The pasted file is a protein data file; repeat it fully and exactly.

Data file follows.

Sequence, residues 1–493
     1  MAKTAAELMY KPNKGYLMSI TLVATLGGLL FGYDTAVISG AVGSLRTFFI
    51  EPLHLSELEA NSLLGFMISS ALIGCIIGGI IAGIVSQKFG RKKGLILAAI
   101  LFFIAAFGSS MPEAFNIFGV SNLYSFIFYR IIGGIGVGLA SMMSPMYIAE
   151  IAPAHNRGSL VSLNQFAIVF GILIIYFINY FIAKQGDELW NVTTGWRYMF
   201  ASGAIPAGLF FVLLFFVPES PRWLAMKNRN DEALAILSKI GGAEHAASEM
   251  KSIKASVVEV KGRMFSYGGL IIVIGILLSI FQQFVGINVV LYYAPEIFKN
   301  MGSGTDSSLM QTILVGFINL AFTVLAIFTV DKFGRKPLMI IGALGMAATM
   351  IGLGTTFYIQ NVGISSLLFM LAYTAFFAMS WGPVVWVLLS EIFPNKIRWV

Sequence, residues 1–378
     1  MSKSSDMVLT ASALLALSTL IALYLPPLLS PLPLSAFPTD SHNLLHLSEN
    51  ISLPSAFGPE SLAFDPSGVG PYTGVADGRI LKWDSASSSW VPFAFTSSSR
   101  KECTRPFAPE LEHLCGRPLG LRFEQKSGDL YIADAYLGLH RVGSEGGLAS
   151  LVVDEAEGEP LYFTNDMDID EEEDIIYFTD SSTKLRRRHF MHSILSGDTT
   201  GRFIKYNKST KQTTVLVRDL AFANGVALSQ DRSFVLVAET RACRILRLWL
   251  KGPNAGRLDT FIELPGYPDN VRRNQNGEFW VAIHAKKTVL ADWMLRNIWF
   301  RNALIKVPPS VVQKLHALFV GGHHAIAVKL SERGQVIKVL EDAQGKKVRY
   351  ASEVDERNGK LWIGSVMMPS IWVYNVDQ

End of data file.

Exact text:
Sequence, residues 1–493
     1  MAKTAAELMY KPNKGYLMSI TLVATLGGLL FGYDTAVISG AVGSLRTFFI
    51  EPLHLSELEA NSLLGFMISS ALIGCIIGGI IAGIVSQKFG RKKGLILAAI
   101  LFFIAAFGSS MPEAFNIFGV SNLYSFIFYR IIGGIGVGLA SMMSPMYIAE
   151  IAPAHNRGSL VSLNQFAIVF GILIIYFINY FIAKQGDELW NVTTGWRYMF
   201  ASGAIPAGLF FVLLFFVPES PRWLAMKNRN DEALAILSKI GGAEHAASEM
   251  KSIKASVVEV KGRMFSYGGL IIVIGILLSI FQQFVGINVV LYYAPEIFKN
   301  MGSGTDSSLM QTILVGFINL AFTVLAIFTV DKFGRKPLMI IGALGMAATM
   351  IGLGTTFYIQ NVGISSLLFM LAYTAFFAMS WGPVVWVLLS EIFPNKIRWV

Sequence, residues 1–378
     1  MSKSSDMVLT ASALLALSTL IALYLPPLLS PLPLSAFPTD SHNLLHLSEN
    51  ISLPSAFGPE SLAFDPSGVG PYTGVADGRI LKWDSASSSW VPFAFTSSSR
   101  KECTRPFAPE LEHLCGRPLG LRFEQKSGDL YIADAYLGLH RVGSEGGLAS
   151  LVVDEAEGEP LYFTNDMDID EEEDIIYFTD SSTKLRRRHF MHSILSGDTT
   201  GRFIKYNKST KQTTVLVRDL AFANGVALSQ DRSFVLVAET RACRILRLWL
   251  KGPNAGRLDT FIELPGYPDN VRRNQNGEFW VAIHAKKTVL ADWMLRNIWF
   301  RNALIKVPPS VVQKLHALFV GGHHAIAVKL SERGQVIKVL EDAQGKKVRY
   351  ASEVDERNGK LWIGSVMMPS IWVYNVDQ